on November 5, 2010
For those interested in SOCIAL theory, please ignore the other reviews on this page. The fundamental problem with their negative response is a failure to take seriously the central realist concept of emergence (or, for one review, to simply dislike the work because of all the big words; as a philosophy professor of mine once told me, before you criticize philosophy for being 'up in the clouds,' you first have to learn some philosophy).
Archer and other realist's are keen to emphasize that the world contains emergent strata (atomistic, biological, psychological, social, etc.) - i.e. entities which once produced through combinations of more fundamental parts cannot be explained solely by reference to those parts and in fact can act back upon them with causal effect (being raised in a family of racists - a social interaction - can alter ones psychology toward paranoia, fundamental attribution error, etc. - or even effect one's biological state if one decides to go on a hate-filled rant among a group of knife weilding members of the Other).
That's why the agent-structure problem is important, because throwing ones hands up and saying that everything can be reduced to individuals or the dictates of nature have been a dead-end repeated over and again; scientific work based on these premises continually fails to accomplish the goals it sets for itself. So emergence may be hard, and tackling the agent structure problem may seem like an impossible task, but it's the effort that counts so that people aren't led astray by nonsense that soon all will be explained by our 'natural' desire for pleasure, health, procreation or whatever. So to give an example, when the social structure of religion, which defined pleasure as bad unless it worked toward God's will, gives way to the social structure of the media-entertainment industry, our natural drive toward pleasure goes from something like abstaining from sex to seeking it out.
on July 13, 2005
Realist social theory, like much modern social thought, is defined by Judeo-Christian anthropocentrism which was reconfigured as a secular model during the enlightenment. This model places humans at the centre of the universe. Archer's theorising in this text is an example of the modern social scientific version of monotheistic anthropocentrism. This may seem paradoxical as Archer promulgates the notion of social structures as real entities that shape human behaviour. However, with Judeo-Christian folklore man [sic] is created and constrained by a transcendental deity; in Archer's ontology the reified object replacing god is society.
In both cases humans would seemingly be all-powerful were it not for the constraining input of a reified entity. In the case of realist social theory it is claimed that we would live in a context-less world and be completely free omnipotent agents were it not for an overarching societal level keeping us in check. As a previous reviewer has noted, sociological theory is a biology-free domain. Archer is always searching for the constraints over and above the individual, but no mention is made of biological constraints which underpin human activity. Humans are not separate from the natural world, despite the claims of monotheistic religions and social science. Structured patterns and regularities of human activity are not evidence for the causal influence of social structures; they are an outcome of the fact that we are subject to the algorithms of nature like every other creature on the planet.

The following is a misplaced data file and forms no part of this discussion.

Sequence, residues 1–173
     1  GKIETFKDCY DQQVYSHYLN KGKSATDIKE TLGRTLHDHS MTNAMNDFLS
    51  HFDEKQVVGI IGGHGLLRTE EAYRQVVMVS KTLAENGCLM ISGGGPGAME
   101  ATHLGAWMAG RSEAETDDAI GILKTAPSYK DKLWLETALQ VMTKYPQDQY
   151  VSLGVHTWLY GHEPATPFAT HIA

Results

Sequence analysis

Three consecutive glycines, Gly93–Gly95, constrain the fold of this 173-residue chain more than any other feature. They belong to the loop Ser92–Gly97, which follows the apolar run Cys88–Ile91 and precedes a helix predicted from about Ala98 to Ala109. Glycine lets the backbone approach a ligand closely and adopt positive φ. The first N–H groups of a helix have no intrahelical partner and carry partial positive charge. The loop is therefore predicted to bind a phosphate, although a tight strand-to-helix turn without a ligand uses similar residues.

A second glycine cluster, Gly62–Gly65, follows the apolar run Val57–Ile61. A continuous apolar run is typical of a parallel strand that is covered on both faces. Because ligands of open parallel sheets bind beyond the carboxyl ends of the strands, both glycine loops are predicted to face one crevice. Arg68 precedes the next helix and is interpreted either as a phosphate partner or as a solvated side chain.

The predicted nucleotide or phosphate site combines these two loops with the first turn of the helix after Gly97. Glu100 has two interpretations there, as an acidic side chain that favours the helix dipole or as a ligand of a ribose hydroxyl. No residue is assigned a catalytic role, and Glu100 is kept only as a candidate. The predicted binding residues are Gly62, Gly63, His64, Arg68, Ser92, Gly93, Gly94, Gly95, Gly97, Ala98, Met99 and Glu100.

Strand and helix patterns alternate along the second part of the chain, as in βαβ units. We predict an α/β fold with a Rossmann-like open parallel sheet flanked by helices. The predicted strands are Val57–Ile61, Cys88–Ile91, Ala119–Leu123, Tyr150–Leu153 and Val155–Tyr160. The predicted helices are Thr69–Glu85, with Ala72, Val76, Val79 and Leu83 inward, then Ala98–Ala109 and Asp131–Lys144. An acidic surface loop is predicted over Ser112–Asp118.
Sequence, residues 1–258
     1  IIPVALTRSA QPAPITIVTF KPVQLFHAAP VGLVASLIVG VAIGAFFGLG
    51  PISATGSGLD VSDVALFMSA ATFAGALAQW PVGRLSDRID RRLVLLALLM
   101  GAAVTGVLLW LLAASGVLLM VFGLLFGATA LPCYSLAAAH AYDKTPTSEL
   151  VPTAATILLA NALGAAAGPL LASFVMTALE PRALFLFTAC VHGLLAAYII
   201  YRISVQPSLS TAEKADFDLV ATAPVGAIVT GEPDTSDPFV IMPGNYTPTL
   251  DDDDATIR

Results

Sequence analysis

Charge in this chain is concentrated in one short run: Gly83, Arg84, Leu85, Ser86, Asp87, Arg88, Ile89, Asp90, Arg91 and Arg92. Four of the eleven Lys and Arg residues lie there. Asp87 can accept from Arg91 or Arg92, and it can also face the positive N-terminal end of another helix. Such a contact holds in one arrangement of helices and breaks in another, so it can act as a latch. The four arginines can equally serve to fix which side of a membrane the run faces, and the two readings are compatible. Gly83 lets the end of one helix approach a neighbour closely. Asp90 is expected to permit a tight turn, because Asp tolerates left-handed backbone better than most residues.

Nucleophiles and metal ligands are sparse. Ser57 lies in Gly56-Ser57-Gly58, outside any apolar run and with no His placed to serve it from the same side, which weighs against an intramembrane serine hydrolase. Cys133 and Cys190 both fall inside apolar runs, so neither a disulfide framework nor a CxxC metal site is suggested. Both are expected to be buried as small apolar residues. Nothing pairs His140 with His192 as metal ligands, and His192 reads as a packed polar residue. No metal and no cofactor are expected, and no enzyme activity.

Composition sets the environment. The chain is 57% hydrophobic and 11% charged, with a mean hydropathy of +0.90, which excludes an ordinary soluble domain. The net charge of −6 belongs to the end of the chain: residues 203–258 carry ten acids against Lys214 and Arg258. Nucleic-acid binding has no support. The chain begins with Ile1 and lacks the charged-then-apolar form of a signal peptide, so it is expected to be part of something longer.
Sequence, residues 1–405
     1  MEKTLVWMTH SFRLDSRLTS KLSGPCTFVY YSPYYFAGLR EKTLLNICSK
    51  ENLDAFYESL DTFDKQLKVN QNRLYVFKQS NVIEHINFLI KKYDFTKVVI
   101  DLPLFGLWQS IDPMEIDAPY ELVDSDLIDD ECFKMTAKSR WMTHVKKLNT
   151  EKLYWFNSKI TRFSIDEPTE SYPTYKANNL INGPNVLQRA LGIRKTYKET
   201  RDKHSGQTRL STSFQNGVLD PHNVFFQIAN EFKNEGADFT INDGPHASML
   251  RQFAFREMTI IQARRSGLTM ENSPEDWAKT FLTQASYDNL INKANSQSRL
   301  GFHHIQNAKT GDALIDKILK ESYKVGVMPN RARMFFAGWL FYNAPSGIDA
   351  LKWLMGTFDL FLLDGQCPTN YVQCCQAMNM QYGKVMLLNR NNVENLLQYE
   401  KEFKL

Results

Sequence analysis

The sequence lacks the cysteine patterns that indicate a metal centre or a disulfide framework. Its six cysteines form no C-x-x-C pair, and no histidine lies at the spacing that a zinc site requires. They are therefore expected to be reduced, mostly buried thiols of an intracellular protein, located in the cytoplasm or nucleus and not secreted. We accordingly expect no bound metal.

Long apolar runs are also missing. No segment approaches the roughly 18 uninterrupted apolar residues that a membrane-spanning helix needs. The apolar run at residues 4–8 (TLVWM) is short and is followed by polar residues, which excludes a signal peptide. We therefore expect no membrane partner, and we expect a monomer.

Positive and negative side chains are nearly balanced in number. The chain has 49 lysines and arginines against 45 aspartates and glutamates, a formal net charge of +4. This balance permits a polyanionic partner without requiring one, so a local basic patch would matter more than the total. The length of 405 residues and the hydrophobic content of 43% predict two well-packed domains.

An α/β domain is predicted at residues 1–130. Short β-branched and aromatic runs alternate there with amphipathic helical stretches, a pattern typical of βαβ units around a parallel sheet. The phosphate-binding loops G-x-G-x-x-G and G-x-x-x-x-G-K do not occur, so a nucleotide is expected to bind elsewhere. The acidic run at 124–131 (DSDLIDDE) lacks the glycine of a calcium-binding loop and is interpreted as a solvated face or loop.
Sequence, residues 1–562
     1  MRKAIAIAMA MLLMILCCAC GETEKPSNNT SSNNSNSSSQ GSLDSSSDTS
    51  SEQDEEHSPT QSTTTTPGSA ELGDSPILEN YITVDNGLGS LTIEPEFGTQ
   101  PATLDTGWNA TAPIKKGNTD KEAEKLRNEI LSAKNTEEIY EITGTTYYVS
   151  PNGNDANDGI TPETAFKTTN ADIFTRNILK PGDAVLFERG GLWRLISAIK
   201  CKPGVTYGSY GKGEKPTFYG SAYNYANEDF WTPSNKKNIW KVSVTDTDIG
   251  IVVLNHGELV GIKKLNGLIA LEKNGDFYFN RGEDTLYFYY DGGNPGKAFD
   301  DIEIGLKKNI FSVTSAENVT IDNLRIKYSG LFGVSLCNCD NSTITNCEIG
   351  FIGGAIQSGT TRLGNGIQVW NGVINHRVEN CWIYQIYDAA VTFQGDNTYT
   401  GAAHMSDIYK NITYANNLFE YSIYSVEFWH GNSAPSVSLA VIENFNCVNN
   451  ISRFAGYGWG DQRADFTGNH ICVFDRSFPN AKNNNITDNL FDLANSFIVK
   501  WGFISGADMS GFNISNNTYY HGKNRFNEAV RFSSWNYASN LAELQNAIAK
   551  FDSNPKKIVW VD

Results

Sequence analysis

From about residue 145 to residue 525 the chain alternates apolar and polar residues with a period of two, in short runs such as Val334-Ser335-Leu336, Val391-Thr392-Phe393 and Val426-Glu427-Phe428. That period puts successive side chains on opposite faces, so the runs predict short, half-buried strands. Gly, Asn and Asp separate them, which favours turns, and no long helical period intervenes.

The image of social theory presented in this book suggests that this sub-discipline provides rigorous underpinnings for sociology and that it incrementally advances in symbiosis with sociology's evolution. The actual aim of social theory, however, is the attempt to define and defend an academic niche which is exclusive to sociology. Real social structures are required as otherwise there are no separable and distinct phenomena in the social world that provide exclusive items of enquiry for sociology. Without these referents, sociology cannot be separated from psychology, which in turn cannot be separated from biology. Therefore, if sociological theory is to progress, it needs to be reconciled with biological theories: however, protection of parochial disciplinary boundaries is perhaps of greater concern to sociologists than genuine intellectual progress.
on December 22, 2004
I'm currently doing a Social Work degree: I studied a Policy Analysis module and decided to undertake an essay on social theory, which sounded interesting. By golly, was I wrong: Realist Social Theory is one of the books I got out from the library and I was I left thinking 'what's the point?' It's a classic case of academics quibbling over terms and dangling proverbial carrots for each other. If 'Agency/structure' has any applicability to the real world then it's been buried in a large mound of wordy bunkum. I can't see how it is of any use to people trying to understand or study the world. It's just a parochial, intra-disciplinary, conceptual and linguistic wrangle designed to keep academics in their offices. There's so much written on the topic - produce a theory, chop it up, put it back together again, then repeat the process.
With regard to understanding the social world: the sum-total of literature on agency/structure doesn't provide as much insight as spending half an hour in the pub.